It's a good time to be a banker.
President Trump is expected to roll back some of the financial regulations that were put into place during the Obama administration.
And the Federal Reserve is expected to give banks another gift Wednesday in the form of an interest rate hike. Higher rates tend to make loans to people and businesses more profitable for big banks.
That's made investors giddy. Bank of America's ( stock has soared 15% this year. )JPMorgan Chase ( is up 6% and not far from an all-time high. So is scandal-ridden )Wells Fargo (. )
And a top bank ETF, the Financial Select Sector SPDR ( fund, is up 7% in 2017. )
So how much longer can the bank party last?
Trump expected to be more friend than foe
It's still not clear how Trump may seek to change the package of regulations known as Dodd-Frank. But he signed two directives last month after meeting with bankers -- and that has made investors more confident.
One called for a review of the Wall Street reform law, and the other delayed the implementation of what's known as the fiduciary rule, a regulation that requires financial advisers to put their clients' best interests first -- not those of their firms.
JPMorgan Chase CEO Jamie Dimon, arguably the nation's best-known and most respected banker, has expressed optimism about the changes in Washington, too.
He said in the bank's earnings release in January that "there is opportunity for good, rational and thoughtful policy decisions to be implemented, which would spur growth, create jobs for Americans across the income spectrum and help communities."
Dimon is one of 16 CEOs on Trump's Strategic and Policy Forum, an advisory group that includes IBM (Tech30) CEO Ginni Rometty, , Disney ( CEO Bob Iger, )GM ( CEO Mary Barra and )Walmart ( CEO Doug McMillon. )
And now he's chairman of the Business Roundtable, a group of CEOs that promotes business-friendly policies in Washington.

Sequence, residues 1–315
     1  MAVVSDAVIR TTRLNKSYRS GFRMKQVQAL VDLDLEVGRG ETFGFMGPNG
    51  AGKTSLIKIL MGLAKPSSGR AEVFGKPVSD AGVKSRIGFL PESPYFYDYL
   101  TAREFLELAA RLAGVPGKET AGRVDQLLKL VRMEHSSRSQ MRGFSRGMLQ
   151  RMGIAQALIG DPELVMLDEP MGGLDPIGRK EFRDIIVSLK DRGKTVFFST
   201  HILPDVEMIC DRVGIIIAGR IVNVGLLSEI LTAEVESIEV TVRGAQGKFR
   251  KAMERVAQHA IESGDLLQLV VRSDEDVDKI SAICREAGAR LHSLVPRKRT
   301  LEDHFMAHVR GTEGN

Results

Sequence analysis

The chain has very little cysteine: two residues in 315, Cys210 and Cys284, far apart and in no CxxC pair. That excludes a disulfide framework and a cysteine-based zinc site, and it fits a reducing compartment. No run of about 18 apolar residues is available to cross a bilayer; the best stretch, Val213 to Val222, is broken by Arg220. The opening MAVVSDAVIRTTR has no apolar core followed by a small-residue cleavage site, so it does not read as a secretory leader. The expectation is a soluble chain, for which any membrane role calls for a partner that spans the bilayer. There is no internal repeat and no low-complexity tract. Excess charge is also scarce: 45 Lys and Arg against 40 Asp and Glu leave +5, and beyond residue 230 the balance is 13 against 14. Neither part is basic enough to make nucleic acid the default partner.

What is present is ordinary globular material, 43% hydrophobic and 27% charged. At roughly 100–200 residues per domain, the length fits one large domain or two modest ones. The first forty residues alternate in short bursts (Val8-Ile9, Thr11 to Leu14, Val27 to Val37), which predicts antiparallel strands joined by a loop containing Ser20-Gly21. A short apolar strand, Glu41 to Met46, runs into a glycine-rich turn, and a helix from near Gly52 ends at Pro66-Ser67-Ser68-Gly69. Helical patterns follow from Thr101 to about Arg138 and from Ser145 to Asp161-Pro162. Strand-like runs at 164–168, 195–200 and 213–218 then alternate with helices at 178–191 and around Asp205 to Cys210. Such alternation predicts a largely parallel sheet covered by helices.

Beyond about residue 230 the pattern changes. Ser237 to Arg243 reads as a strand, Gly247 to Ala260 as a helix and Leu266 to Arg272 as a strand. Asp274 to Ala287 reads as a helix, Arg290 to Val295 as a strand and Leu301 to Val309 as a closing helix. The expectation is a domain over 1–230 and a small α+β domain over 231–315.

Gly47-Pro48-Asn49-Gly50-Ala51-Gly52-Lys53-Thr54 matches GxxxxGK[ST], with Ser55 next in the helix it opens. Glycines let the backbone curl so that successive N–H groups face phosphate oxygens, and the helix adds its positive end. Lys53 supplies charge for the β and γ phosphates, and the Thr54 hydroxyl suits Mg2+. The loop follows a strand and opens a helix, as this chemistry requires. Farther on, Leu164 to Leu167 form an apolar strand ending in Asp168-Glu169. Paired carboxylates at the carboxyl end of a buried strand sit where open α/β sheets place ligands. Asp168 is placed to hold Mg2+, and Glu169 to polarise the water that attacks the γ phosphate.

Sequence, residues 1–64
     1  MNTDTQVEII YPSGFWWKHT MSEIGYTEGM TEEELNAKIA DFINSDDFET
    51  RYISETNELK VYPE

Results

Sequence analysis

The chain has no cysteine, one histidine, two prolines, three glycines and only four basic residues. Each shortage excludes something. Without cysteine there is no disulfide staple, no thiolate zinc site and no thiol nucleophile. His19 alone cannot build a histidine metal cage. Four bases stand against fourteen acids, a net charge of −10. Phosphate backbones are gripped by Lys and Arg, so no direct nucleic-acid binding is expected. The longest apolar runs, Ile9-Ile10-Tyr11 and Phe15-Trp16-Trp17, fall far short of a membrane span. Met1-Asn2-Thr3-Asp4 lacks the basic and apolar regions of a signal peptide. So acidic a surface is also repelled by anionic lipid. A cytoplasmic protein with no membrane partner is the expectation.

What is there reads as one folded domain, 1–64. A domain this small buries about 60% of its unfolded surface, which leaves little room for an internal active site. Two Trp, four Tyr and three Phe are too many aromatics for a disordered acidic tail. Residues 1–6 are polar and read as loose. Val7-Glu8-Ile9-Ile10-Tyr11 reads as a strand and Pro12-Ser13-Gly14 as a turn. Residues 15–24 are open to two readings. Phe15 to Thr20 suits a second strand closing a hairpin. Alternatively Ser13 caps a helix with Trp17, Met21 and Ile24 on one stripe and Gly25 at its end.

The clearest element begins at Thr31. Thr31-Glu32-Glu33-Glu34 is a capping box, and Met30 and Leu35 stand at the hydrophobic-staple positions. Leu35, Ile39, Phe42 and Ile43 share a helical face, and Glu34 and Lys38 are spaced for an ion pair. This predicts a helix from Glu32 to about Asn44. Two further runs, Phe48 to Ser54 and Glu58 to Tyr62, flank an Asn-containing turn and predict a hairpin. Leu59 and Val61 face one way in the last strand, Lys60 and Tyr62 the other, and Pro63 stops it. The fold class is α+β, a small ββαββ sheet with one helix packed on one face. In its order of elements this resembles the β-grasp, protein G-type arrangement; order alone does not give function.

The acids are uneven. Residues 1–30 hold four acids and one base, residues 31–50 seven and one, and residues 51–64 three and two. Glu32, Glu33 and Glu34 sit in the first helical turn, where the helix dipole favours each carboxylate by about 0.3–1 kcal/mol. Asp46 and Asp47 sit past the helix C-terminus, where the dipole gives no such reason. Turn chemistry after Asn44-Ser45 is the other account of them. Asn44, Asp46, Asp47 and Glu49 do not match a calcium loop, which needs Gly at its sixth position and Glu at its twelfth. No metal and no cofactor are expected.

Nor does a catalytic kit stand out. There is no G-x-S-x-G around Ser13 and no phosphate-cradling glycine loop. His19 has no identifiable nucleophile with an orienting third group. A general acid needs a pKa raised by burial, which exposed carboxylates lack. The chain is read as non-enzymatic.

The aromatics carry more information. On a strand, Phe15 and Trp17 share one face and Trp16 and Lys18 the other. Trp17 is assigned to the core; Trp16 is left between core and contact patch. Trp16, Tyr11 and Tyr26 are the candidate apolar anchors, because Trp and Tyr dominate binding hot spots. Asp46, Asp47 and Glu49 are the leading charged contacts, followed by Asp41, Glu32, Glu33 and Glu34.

Dimon, answering a question from CNNMoney during a press call after the earnings report in January, also said he is "comforted" that Trump has put "professionals" in the administration.
Those include ex-Goldman Sachs ( banker Steven Mnuchin as Treasury secretary, billionaire investor Wilbur Ross as commerce secretary and former )Exxon Mobil ( CEO Rex Tillerson as secretary of state. )
Mnuchin isn't the only Goldman alum in the Trump administration. Former chief operating officer Gary Cohn heads Trump's Council of Economic Advisors.
Dina Powell, who was in charge of many of Goldman's philanthropic efforts, is now a senior adviser to Trump too. He also has nominated Goldman veteran Jim Donovan to be Mnuchin's deputy in the Treasury department.
And even though Trump's nominee to lead the SEC, lawyer Jay Clayton, isn't technically a former Goldman employee, he has represented Goldman and other large banks. Clayton's wife also works for Goldman.
Don't fight the Fed
Banks may have another ally in Washington besides Trump and his army of Vampire Squids: Fed chair Janet Yellen.
The Fed already raised rates in December. That followed a hike in December 2015 -- its first since 2006.
But Yellen -- who may or may not still be Fed chair in 2018 after her term expires next February -- has suggested the Fed could boost rates several times this year and next year.
Any increase in the Fed's benchmark lending rate would allow banks to charge more interest on mortgages, credit cards, auto leases, small business loans and other forms of debt.
What's more, any signals from Yellen that the Fed will keep gradually raising rates could push more companies to make deals before the cost of borrowing money becomes too high.
More startups may look to go public, as well. The environment for stocks tends to be more favorable when rates are lower.
There are already hopes on Wall Street that Snapchat's ( recent IPO could pave the way for other high-profile unicorns like Uber, Airbnb, Pinterest and SpaceX to file for initial public offerings of their own. )
And any pickup in merger activity and IPOs would be a boon to big banks like JPMorgan Chase, Goldman, Morgan Stanley (, )Citigroup ( and BofA because it would mean more advisory fees. )
Finally, higher interest rates could lead more people to put money in savings accounts, which would also help banks.
Many Americans, particularly those nearing retirement or already retired, feel that the Fed has been punishing savers by keeping rates too low. Money put in a good, old-fashioned bank account has earned next to nothing for years.
So it looks like even happier days may lie ahead for banks and their investors -- as long as Trump and Yellen live up to their promises.